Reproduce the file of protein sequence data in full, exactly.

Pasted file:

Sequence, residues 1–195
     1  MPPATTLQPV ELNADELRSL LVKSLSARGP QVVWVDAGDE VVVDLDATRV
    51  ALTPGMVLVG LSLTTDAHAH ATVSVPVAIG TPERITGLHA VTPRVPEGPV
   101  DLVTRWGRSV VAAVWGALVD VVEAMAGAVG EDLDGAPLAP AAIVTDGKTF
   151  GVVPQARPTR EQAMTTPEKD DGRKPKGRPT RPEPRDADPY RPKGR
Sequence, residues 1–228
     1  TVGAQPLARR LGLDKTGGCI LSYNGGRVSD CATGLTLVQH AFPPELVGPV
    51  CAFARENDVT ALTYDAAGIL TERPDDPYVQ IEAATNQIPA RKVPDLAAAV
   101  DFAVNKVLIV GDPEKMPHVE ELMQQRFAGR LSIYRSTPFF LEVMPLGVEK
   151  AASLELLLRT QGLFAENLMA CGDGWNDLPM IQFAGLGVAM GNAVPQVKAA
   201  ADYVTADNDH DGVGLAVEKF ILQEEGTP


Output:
Sequence, residues 1–195
     1  MPPATTLQPV ELNADELRSL LVKSLSARGP QVVWVDAGDE VVVDLDATRV
    51  ALTPGMVLVG LSLTTDAHAH ATVSVPVAIG TPERITGLHA VTPRVPEGPV
   101  DLVTRWGRSV VAAVWGALVD VVEAMAGAVG EDLDGAPLAP AAIVTDGKTF
   151  GVVPQARPTR EQAMTTPEKD DGRKPKGRPT RPEPRDADPY RPKGR
Sequence, residues 1–228
     1  TVGAQPLARR LGLDKTGGCI LSYNGGRVSD CATGLTLVQH AFPPELVGPV
    51  CAFARENDVT ALTYDAAGIL TERPDDPYVQ IEAATNQIPA RKVPDLAAAV
   101  DFAVNKVLIV GDPEKMPHVE ELMQQRFAGR LSIYRSTPFF LEVMPLGVEK
   151  AASLELLLRT QGLFAENLMA CGDGWNDLPM IQFAGLGVAM GNAVPQVKAA
   201  ADYVTADNDH DGVGLAVEKF ILQEEGTP